Motorists in Green Bay will be asked to yield to bicyclists on portions of downtown streets being converted to shared use lanes this summer.
Known as sharrows, the shared use lanes have been added to city streets across the country to make commuters more comfortable on bicycles. Often set away from the curb and in a traditional traffic lane, the sharrows have additional markings and encourage motorists to slow and move over to pass bicyclists.
Check out the video below for a visual explanation.
“The advantage they offer is alerting motorists to expect to see bicycles on the road and expect to have to go around them because the lane is not quite wide enough for bikes and motor vehicles to operate side by side,” said Dave Schlabowske, communications director for the Bicycle Federation of Wisconsin.
“They also indicate to people on bicycles it is a bike route, which reduces sidewalk riding, indicate direction and lane position,” he said.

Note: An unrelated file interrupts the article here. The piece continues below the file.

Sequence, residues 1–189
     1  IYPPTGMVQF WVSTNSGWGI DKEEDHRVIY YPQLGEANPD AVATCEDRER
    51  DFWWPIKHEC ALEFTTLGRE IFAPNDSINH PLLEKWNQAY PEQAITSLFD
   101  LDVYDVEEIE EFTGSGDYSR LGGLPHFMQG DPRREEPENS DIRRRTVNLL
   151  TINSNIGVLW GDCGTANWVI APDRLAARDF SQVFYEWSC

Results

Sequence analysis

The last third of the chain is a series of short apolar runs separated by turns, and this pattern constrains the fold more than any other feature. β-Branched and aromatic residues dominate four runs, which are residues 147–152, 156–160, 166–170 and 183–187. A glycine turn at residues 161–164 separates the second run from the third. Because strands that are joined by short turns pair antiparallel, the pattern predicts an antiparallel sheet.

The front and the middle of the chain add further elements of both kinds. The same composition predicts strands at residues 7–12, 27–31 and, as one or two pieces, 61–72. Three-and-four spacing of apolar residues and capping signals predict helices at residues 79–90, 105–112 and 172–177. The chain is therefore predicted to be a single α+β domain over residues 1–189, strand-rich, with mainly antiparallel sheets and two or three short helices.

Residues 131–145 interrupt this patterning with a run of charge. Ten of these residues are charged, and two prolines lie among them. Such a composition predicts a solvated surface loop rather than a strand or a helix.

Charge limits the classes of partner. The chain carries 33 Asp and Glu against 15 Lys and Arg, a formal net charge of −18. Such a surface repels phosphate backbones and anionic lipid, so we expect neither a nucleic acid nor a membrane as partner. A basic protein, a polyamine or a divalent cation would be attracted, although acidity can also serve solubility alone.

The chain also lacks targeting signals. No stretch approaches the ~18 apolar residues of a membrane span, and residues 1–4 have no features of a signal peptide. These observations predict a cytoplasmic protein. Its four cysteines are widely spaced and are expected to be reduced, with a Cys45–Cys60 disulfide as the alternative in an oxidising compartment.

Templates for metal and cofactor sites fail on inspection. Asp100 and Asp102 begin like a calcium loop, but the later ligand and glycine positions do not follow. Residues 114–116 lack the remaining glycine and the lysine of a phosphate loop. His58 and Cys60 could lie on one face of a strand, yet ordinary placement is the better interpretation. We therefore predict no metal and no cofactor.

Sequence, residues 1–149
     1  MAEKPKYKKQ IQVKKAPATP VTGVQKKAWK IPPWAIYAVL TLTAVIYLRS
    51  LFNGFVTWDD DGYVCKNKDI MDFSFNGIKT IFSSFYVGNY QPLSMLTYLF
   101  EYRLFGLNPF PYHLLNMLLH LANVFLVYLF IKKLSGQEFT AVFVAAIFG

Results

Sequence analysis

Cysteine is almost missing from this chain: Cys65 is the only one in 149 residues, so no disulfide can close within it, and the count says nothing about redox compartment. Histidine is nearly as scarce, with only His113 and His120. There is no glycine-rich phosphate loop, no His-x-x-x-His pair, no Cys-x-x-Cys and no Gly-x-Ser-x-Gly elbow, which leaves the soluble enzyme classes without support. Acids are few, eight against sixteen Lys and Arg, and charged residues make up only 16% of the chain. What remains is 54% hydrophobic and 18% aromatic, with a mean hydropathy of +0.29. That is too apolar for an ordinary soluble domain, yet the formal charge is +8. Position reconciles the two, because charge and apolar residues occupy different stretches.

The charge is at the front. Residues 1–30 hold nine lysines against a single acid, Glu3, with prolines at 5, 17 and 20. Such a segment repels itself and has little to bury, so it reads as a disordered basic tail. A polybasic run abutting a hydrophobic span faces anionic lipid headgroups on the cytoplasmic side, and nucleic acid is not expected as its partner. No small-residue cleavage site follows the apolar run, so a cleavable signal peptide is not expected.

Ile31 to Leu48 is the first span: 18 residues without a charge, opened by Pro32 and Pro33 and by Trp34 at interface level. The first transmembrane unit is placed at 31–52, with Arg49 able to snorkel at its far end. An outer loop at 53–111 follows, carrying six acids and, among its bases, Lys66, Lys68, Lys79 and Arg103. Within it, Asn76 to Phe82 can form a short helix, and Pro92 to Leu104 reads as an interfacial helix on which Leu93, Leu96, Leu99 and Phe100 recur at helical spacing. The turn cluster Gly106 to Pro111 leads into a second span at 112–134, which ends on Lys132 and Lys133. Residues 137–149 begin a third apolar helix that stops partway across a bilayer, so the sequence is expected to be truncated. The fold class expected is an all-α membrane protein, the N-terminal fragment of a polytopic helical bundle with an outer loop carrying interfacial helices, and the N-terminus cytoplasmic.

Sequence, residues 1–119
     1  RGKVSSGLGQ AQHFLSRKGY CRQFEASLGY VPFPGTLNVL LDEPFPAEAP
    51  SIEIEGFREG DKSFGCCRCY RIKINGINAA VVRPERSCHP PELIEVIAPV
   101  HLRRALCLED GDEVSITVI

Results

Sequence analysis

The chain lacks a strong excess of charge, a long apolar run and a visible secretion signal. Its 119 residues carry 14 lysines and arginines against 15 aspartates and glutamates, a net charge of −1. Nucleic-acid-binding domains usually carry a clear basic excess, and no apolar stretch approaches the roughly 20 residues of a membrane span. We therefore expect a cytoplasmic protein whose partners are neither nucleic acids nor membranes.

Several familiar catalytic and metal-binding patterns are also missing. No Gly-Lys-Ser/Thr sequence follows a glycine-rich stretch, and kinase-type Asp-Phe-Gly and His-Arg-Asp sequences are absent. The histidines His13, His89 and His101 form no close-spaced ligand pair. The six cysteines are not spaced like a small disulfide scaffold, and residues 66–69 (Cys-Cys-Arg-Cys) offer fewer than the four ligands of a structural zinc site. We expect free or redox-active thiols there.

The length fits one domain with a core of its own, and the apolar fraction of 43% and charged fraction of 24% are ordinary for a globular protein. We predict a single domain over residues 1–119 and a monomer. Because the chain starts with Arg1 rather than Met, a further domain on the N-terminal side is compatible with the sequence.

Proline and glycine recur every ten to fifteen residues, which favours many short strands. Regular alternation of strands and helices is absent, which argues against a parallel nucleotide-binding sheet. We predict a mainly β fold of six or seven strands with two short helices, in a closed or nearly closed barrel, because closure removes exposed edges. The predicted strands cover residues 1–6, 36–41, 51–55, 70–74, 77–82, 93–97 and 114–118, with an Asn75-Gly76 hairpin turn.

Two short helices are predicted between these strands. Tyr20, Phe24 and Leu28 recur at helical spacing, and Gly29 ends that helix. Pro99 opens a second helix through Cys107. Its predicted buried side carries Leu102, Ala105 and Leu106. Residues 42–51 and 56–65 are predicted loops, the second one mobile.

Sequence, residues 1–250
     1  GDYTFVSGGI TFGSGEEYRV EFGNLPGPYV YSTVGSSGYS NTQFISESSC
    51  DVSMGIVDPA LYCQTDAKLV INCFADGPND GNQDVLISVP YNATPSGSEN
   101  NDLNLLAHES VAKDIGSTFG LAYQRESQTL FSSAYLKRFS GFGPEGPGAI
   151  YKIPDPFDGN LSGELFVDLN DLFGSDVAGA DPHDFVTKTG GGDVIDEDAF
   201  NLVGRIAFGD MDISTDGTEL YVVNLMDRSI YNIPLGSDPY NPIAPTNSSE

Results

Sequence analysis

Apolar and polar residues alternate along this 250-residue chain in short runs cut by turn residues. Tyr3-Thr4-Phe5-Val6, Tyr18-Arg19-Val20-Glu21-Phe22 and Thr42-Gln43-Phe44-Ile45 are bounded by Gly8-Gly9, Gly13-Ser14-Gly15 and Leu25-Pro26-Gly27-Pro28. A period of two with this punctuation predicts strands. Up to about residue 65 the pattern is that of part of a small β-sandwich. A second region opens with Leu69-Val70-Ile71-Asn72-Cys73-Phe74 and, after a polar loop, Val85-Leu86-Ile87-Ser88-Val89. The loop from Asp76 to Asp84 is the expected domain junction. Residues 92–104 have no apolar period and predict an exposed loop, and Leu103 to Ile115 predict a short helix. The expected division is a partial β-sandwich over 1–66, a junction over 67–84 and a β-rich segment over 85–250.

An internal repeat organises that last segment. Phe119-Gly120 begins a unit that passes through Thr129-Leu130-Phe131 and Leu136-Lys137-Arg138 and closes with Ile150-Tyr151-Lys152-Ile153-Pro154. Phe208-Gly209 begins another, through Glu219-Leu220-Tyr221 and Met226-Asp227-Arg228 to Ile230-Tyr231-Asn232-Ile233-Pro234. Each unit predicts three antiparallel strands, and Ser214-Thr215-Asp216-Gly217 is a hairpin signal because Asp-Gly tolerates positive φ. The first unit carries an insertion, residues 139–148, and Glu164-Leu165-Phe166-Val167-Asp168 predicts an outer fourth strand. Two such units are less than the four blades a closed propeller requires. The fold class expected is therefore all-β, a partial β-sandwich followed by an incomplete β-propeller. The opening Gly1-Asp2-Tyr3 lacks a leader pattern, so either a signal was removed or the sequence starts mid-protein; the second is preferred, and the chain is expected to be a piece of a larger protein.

The sharrows reduce incidents in which bicyclists are hit by motorists opening car doors by keeping riders outside the worst part of the door zone.
In Green Bay, the chevrons and bike lane symbols will be painted on Washington, Crooks and Cherry streets, among others. It’s part of a larger project to add roughly 4.5 miles of bike lanes, at a cost of $65,000.
The funding will be provided through a federal Energy Efficiency and Conservation blockgGrant.
City Planner Nic Sparacio said the plan for the sharrow and bike lanes was developed in cooperation with Sustainable Green Bay.
The goal is “to make the downtown more bicycle friendly and encourage more people to use bicycling as a way to get around.
“The downtown is a great place to start adding more bicycle facilities to the community,” Sporacio said. “There are many bicyclists already present in and around the downtown. If this goes well, we could look at creating additional bike lanes and sharrow lanes in other places in the community."
Sparacio said bicycling in the city increased during the previous gas price spike and is likely to do so again as the price per gallon approaches $4.